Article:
During the next 35 years, the traditional view of the sanctity of human life will collapse under pressure from scientific, technological, and demographic developments, says controversial bio-ethics professor Peter Singer.
Princeton’s Peter Singer (Photo: The Age)
“By 2040, it may be that only a rump of hard-core, know-nothing religious fundamentalists will defend the view that every human life, from conception to death, is sacrosanct,” says Princeton University’s defender of infanticide. “In retrospect, 2005 may be seen as the year in which that position (of the sanctity of life) became untenable,” he writes in the fall issue of Foreign Policy.
Singer sees 2005’s battle over the life of Terri Schiavo as a key to this changing ethic.
“The year 2005 is also significant, at least in the United States, for ratcheting up the debate about the care of patients in a persistent vegetative state,” says Singer. “The long legal battle over the removal of Terri Schiavo’s feeding tube led President George W. Bush and the U.S. Congress to intervene, both seeking to keep her alive. Yet the American public surprised many pundits by refusing to support this intervention, and the case produced a surge in the number of people declaring they did not wish to be kept alive in a situation such as Schiavo’s.”
He writes that by 2040, the Netherlands and Belgium will have had decades of experience with legalized euthanasia, and other jurisdictions will also have permitted either voluntary euthanasia or physician-assisted suicide for varying lengths of time.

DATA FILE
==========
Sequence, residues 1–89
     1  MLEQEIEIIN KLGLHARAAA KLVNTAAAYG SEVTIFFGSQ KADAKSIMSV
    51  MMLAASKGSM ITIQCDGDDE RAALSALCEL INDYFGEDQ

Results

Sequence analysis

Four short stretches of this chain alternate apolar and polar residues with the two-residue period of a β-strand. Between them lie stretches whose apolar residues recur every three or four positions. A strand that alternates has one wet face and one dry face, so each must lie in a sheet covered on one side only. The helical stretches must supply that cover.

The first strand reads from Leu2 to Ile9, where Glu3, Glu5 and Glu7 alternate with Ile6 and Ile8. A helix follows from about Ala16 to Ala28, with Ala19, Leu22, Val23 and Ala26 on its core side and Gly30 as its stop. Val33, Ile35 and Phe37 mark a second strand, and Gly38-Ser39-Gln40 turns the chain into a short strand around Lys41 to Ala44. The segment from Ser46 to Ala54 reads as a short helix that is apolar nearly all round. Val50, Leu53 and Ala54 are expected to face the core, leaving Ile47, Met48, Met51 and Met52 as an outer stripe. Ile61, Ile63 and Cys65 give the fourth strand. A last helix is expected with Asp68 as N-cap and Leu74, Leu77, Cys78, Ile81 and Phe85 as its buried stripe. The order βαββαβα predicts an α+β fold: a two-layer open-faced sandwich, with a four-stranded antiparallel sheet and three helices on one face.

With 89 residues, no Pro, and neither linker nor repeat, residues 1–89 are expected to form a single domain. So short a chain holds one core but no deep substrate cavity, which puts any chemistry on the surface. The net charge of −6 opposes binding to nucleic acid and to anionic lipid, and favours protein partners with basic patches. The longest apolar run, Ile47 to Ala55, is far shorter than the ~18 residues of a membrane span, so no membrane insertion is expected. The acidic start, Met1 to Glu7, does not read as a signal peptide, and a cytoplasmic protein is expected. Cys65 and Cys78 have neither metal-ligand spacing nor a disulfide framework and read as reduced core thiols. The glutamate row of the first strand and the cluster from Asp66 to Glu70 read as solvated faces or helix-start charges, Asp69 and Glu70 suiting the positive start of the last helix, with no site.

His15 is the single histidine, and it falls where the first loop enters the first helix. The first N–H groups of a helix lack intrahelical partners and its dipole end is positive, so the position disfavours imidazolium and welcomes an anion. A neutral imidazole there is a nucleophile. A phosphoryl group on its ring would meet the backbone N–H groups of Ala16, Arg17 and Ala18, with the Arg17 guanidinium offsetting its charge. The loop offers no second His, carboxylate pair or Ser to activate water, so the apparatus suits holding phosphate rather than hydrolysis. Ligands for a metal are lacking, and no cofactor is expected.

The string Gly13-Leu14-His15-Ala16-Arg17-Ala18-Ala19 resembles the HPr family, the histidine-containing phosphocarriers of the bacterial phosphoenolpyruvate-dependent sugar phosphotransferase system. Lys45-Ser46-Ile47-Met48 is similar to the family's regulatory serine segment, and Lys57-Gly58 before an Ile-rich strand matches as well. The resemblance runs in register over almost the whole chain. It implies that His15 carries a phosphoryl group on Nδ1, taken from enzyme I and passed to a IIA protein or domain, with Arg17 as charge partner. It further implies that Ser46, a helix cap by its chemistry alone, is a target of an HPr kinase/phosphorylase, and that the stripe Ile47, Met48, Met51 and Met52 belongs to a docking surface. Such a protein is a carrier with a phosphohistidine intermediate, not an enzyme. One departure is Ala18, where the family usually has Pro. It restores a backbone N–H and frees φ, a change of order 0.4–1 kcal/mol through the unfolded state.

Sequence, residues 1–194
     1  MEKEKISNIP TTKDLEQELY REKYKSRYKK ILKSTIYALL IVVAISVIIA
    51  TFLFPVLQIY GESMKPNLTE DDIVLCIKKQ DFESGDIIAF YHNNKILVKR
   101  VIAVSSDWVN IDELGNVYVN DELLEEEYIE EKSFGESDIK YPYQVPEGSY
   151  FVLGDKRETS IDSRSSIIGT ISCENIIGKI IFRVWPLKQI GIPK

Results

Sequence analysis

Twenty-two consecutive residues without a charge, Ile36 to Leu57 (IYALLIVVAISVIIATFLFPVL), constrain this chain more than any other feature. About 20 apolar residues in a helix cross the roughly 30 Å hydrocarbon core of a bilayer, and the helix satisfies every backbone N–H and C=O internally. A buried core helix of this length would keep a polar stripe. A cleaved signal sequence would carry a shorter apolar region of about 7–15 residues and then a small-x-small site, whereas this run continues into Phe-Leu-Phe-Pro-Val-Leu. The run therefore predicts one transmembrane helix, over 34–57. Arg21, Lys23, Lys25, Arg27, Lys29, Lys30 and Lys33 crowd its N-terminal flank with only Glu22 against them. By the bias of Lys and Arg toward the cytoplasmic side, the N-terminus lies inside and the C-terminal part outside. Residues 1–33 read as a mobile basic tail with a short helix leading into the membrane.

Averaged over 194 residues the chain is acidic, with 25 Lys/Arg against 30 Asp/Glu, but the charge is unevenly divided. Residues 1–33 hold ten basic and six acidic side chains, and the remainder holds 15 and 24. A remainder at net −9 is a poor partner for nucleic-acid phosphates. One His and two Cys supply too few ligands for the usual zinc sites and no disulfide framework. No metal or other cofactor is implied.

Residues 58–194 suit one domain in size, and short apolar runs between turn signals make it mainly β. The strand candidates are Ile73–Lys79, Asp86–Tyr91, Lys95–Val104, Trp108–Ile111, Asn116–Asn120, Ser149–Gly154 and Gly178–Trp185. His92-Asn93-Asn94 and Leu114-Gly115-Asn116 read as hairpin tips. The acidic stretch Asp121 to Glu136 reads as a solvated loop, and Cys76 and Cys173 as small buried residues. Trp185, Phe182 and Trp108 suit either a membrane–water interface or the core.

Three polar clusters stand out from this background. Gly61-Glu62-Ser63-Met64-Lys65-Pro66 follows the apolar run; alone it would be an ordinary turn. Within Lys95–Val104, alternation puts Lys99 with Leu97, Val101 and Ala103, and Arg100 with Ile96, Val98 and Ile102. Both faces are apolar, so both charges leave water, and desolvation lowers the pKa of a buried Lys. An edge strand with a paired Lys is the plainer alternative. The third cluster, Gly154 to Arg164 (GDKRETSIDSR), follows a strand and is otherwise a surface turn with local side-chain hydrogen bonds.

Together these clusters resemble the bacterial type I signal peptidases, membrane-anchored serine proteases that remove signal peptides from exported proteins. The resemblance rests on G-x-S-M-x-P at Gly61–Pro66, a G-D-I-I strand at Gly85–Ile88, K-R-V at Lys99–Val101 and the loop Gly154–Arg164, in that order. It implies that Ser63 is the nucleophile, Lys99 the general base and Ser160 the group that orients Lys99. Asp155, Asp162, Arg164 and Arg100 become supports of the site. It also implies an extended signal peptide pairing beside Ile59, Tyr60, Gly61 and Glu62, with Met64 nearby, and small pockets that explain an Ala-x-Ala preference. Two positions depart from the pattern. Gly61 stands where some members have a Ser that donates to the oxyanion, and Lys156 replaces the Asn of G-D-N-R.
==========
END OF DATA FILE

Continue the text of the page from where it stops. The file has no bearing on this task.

“This experience will puncture exaggerated fears that the legalization of these practices would be a first step toward a new holocaust,” he explains. “By then, an increasing proportion of the population in developed countries will be more than 75 years old and thinking about how their lives will end. The political pressure for allowing terminally or chronically ill patients to choose when to die will be irresistible.”
The professor, who advocates killing the disabled up to 28 days after birth, was the subject of protests when he was hired in 1999 by Princeton, a school founded by the Presbyterian denomination. A group calling itself Princeton Students Against Infanticide issued a petition charging the Australian professor “denies the intrinsic moral worth of an entire class of human beings – newborn children.”
Singer also is known for launching the modern animal rights movement with his 1975 book “Animal Liberation,” which argues against “speciesism.” He insists animals should be accorded the same value as humans and should not be discriminated against because they belong to a non-human species.